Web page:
This article first appeared in Tracker magazine on March 19. * * * Aboriginal leaders in the Northern Territory have issued a strong warning that the Australian government’s new land grab in the form of the proposed 10-year extension of the intervention will send many communities into a dangerous downward spiral with still more death and misery.
At last, the bill has been passed to enable Britain's health service, the envy of the world, to become more like the United States system, universally derided as a chaotic disaster. Now they can introduce bills to make our ferry service more like the one in Italy, and our record on child abuse more like that of the Vatican. It takes inventive thinking to hear that in the US, drug companies spend twice as much on advertising as they do on research, and say, "That's MARVELLOUS, why can't WE do that"?
"This is a bittersweet victory for nurses and midwives after an unprecedented industrial marathon with the Baillieu Government to protect patient care and secure a fair pay rise.” — Lisa Fitzpatrick, State Secretary, Australian Nursing Federation (Victoria). The Australian Nursing Federation (ANF) of Victoria has had a good win. At a time when the employers are on the march, the Victorian ANF ran a campaign that involved two periods of industrial action, including bed closures, elective surgery cancellations and four hour rolling stoppages twice a day.
The Northern Territory’s peak doctors’ body says Darwin’s main hospital is struggling to cope with up to five refugees a day coming in for treatment for self-harm, mental illness and chronic anxiety. See also: The Northern Territory: Australia's refugee detention capital
Victorian nurses crowded into Festival Hall in Melbourne on March 16 to hear their nine months of struggle had reached a successful outcome. After what the ABC said was Victoria’s longest running industrial dispute, nurses have won 14-21% pay increases and kept their nurse-to-patient ratios in return for minor productivity offsets. Australian Nursing Federation (ANF) secretary Lisa Fitzpatrick said: “This is a bittersweet victory for nurses and midwives after an unprecedented industrial marathon with the Baillieu government to protect patient care and secure a fair pay rise."
After eight months of campaigning by Victoria’s nurses to keep staff-to-patient ratios and win a wage rise there may be a breakthrough in the dispute. On March 7, the Ted Baillieu Coalition state government finally offered to begin new negotiations with the Australian Nursing Federation (ANF) though a conciliation process overseen by Fair Work Australia.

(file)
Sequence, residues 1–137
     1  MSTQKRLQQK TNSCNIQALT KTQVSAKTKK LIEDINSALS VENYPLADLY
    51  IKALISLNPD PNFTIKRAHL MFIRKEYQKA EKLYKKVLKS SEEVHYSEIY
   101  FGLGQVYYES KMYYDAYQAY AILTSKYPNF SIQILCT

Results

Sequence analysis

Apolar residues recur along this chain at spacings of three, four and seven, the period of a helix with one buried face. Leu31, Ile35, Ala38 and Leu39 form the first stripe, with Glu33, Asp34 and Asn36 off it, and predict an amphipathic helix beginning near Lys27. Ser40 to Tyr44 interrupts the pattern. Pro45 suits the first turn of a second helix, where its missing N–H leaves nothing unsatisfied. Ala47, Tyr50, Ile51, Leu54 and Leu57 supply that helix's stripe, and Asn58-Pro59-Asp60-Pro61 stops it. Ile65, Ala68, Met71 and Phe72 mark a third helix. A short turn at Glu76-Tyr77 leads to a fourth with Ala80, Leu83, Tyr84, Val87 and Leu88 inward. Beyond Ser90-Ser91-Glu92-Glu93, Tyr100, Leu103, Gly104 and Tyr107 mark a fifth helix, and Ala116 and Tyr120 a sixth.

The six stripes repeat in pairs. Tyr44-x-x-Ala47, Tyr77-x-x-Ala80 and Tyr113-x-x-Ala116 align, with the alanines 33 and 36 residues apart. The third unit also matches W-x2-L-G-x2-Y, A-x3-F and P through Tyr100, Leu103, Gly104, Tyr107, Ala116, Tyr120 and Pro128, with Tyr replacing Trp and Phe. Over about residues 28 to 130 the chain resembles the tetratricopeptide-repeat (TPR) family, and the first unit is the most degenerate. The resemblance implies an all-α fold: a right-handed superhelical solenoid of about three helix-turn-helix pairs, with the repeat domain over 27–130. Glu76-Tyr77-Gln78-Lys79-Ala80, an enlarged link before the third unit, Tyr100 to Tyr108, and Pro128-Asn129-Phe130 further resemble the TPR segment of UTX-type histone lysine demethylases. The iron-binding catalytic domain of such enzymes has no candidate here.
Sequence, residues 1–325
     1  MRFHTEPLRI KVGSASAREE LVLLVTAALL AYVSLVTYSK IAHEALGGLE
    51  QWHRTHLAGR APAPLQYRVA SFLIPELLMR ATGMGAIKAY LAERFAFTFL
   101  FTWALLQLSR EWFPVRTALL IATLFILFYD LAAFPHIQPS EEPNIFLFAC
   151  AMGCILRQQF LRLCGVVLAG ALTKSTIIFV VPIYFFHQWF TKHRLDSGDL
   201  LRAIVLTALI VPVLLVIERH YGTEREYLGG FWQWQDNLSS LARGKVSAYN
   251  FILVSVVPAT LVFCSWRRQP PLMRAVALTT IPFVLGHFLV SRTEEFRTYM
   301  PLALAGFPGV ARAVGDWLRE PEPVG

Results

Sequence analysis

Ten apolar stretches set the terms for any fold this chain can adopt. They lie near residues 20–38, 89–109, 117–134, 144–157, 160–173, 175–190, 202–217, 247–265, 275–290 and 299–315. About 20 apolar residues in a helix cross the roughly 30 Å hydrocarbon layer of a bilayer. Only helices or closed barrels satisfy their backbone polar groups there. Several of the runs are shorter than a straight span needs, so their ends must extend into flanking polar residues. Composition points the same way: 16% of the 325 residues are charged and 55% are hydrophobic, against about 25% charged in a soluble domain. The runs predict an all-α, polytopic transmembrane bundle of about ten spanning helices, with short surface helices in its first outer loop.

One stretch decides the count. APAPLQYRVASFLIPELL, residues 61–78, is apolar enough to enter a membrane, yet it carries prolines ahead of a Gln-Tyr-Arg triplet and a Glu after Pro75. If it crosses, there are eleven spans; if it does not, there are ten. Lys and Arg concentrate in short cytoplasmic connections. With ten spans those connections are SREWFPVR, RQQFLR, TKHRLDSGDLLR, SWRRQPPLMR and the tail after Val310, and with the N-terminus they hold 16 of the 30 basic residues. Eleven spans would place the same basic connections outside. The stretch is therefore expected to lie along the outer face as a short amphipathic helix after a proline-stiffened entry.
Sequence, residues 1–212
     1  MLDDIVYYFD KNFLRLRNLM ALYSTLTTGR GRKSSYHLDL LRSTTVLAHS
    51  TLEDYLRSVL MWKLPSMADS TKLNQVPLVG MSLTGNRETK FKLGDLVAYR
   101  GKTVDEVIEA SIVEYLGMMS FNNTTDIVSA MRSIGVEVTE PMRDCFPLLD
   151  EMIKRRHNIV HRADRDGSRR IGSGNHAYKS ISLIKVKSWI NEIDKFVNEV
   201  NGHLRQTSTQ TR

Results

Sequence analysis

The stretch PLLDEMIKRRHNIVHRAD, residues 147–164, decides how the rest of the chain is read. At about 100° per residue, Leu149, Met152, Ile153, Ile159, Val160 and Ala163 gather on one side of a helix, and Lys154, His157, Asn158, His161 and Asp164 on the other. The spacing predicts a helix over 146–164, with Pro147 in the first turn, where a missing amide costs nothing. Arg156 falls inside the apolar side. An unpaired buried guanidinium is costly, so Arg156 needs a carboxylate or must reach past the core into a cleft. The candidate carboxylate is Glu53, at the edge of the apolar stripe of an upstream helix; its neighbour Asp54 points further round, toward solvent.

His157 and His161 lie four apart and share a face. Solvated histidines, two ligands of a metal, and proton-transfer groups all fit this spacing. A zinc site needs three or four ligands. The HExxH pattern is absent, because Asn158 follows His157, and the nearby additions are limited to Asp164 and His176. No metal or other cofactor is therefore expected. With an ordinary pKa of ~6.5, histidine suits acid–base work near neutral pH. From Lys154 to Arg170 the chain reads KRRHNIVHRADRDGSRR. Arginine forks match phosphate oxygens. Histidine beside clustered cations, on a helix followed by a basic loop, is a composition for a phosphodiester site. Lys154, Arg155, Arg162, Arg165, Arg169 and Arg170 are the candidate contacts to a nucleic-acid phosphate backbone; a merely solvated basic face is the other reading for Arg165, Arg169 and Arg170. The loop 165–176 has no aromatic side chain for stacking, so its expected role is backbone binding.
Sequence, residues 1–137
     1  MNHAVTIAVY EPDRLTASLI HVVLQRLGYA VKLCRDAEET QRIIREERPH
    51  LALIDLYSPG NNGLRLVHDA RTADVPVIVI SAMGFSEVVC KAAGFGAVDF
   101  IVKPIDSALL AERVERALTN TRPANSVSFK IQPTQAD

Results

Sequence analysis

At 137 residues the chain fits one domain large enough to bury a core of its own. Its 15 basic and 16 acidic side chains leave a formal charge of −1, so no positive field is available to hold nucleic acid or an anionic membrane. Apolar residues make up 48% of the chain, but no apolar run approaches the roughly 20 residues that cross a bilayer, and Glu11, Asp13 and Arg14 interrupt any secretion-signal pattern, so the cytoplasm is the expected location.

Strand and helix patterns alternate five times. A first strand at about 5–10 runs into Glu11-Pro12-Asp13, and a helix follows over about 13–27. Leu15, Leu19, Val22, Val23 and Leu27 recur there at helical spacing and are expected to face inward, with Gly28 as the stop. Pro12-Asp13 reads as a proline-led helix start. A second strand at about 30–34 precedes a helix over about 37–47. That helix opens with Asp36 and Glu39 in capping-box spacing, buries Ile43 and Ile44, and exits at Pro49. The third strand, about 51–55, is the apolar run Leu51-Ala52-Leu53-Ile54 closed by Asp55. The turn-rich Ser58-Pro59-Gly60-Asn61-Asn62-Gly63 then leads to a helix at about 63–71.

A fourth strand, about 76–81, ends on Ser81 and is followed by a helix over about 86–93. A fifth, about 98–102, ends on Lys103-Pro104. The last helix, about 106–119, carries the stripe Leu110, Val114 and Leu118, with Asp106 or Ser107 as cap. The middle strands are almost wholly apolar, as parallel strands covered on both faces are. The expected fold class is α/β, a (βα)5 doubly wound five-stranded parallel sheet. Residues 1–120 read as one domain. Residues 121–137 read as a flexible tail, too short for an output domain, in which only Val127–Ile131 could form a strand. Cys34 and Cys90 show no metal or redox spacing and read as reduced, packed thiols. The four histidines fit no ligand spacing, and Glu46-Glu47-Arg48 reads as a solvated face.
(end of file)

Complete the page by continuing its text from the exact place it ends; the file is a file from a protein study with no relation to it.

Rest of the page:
Twice daily outside almost every Victorian public hospital there are nurses protesting and waving banners in a spirited display of defiance. They are not being incited by their union. They are walking off the job for four hours at a time, demanding a pay rise and defending the very essence of quality public health. A brief scouring of social media or talkback radio shows that Victorians love nurses, despite government propaganda to the contrary. See also: Vic nurses 'dislike' Baillieu government Facebook gag
The Australian Nurses Federation (ANF) Victorian branch released the statement below on March 1. * * * Private conciliation resolved disputes in 1997, 2001, 2004 and 2007 and can resolve 2012. The Baillieu government has spent more taxpayer money on lawyers — this time to prevent nurses and midwives from freely using social media to discuss the dispute. Baillieu government-paid lawyers wrote to ANF solicitors last night demanding the ANF delete nurses’ and midwives’ posts from the Facebook campaign page at www.facebook.com/respectourwork
Lynas, an Australian mining company, is building a rare earth refinery close to the heavily populated area city of Kuantan in Malaysia. The ore is to be shipped from a mine in Western Australia but the highly toxic and radioactive waste which the refinery will produce will not be accepted back by the WA government.
After Victorian nurses walked off the job from six Victorian hospitals, Ted Baillieu's state government was still refusing to undertake effective negotiations with the Australian Nursing Federation (ANF). The dispute has dragged on for eight months and has been in its current conciliation process under Fair Work Australia (FWA) for 105 days. On February 24, the FWA ordered the ANF to stop all industrial action as sought by the government. But the ANF has said it will go ahead with its actions as decided on by members at a mass meeting on February 25.